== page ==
"And don't presume that because you always did something, because it was a family tradition, that it needs to happen every year. A year off from a large turkey or from visiting your cousin's house a hundred miles away isn't going to destroy Christmas. Think about what will best support you this year."

Stay healthy

'Tis the season to eat, drink and be merry, but that doesn't mean that your regular regime goes out the window. In fact, a sensible daytime plan can offset any nocturnal excesses.

"Add more healthy eating habits in, as if you are building reserves for the gluttony," advises Lisa Wilkinson, owner of the Elbow Room in Dublin.

"Adding good habits is easier than cutting things out as it has a knock-on effect. Consider weekdays to be sugar- and alcohol-free in the lead up to festivities, leaving you free for more indulgent weekends. And book a January cleanse to negate the guilt afterwards so you'll know in advance that you will get time to reboot."

Surround yourself with the right people

If, as they say, your personality is most like those of the four people you most hang out with, make sure they are solid.

"Connect with good friends," says Wilkinson. "Those kind of friends that don't need anything from you. The ones who can listen generously and won't drain your energy with negativity or be overly needy. You are probably going to be with relatives who are a pain over Christmas, so cosy up with your friend family first."

Keep off social media

Net gains: Get online and beat the queues
Net gains: Get online and beat the queues

Start phasing out the smartphone: in terms of reducing your tension in record time, remember that work stress is exacerbated by modern technology. As soon as you get home, switch off your mobile. Go a step further and switch off all your electronic devices (after you've used the kettle to make a brew, obviously) and just be alone in a quiet space for five minutes.

"Don't compare your actual Christmas to everyone else's Facebook Christmas," advises Murphy. "You don't see the meltdown that happened right after the perfect family picture was taken, you can't tell that the person who posted about peace and goodwill is grieving their mother and on the brink of divorce. Just have a good enough day for you."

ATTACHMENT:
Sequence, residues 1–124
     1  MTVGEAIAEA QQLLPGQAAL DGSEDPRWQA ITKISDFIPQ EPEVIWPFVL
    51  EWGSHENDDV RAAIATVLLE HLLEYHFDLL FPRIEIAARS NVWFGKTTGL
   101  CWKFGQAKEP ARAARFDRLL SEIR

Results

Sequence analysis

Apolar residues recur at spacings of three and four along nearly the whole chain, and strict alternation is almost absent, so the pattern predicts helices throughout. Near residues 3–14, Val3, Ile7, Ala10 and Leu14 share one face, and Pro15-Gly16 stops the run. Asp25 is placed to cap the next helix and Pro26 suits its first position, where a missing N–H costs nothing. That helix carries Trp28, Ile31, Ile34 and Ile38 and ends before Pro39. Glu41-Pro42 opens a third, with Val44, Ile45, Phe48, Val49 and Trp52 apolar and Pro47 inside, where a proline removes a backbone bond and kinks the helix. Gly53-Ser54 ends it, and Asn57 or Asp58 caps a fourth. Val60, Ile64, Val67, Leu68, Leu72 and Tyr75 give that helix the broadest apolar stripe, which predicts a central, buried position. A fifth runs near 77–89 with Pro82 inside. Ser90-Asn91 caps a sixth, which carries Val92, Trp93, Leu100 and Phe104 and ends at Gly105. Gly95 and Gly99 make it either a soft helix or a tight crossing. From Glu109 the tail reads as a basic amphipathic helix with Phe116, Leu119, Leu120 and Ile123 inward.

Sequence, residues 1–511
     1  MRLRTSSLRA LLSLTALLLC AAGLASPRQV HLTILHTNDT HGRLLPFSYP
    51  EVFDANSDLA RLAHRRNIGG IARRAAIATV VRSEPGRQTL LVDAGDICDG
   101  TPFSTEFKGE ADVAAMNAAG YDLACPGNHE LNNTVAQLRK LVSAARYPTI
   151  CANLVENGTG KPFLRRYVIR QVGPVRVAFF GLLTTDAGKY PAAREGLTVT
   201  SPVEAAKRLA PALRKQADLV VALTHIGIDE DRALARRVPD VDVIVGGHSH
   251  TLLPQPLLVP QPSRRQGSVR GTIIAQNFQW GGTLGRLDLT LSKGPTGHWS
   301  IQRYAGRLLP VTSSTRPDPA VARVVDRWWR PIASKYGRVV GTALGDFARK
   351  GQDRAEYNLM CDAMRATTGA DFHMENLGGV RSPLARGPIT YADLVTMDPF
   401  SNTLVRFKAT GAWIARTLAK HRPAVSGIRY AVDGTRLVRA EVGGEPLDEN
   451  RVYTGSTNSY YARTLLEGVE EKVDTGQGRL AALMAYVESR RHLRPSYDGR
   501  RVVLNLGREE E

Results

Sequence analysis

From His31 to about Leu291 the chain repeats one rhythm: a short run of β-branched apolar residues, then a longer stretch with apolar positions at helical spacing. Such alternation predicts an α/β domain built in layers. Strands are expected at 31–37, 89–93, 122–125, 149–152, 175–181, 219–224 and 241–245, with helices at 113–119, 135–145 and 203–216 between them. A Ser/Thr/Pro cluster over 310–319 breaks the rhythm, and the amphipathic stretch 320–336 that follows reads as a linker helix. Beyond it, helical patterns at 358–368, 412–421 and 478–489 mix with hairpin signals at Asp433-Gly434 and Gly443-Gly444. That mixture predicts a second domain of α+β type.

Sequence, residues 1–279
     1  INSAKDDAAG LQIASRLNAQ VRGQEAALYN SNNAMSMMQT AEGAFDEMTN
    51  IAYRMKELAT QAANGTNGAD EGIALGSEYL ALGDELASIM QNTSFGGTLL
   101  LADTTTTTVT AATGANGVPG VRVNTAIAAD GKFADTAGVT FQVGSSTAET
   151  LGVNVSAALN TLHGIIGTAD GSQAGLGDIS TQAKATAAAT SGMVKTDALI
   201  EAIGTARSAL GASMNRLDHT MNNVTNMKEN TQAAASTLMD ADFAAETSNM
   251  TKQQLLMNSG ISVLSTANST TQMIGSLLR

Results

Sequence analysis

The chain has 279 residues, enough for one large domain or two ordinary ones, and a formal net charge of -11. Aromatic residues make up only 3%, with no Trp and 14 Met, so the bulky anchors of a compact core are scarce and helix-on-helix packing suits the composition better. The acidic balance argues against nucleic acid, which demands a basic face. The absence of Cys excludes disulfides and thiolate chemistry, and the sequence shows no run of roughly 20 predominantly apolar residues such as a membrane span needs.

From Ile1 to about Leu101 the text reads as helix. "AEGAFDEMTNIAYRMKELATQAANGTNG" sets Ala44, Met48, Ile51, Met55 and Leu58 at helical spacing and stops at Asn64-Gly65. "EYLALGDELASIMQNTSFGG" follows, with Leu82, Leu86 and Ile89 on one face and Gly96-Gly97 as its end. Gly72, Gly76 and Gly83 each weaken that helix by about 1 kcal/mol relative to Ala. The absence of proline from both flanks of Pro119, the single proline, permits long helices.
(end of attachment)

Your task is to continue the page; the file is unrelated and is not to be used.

Shop mindfully

Reckon that you'll be able to get the entire lot done during your lunch hour? Everyone's having the same idea.

Here is where the internet is your friend. Order the big shop via an online supermarket like Tesco, and use the quick delivery function on websites for presents.

For anything that you'd like to shop for in real life, statistics say that Christmas Eve afternoon is the quietest time of the year for retailers. And don't be afraid to use the experts. Says Katie McGrath, head of personal and private shopping in Brown Thomas: "People think that personal shopping is a service that women use, but we do it for all age groups and budgets - men, children, anyone. It's easier at home to flick through the site on a tablet, see a few things you like, and then we locate the items at the store."

Manage your time

Time-management expert Dermot Rice is a big fan of scheduling. "You need to block off an hour to put down a list of everything you have to do before the big day," he suggests. "There's no point in simply saying, 'I must get some presents'. Look at the time available to you, and allocate time to do it.

"What I would recommend is that at the end of every day, prioritise what you have to do and what would be nice to do. I've seen people schedule 15 hours of work into a three-hour slot."

Irish Independent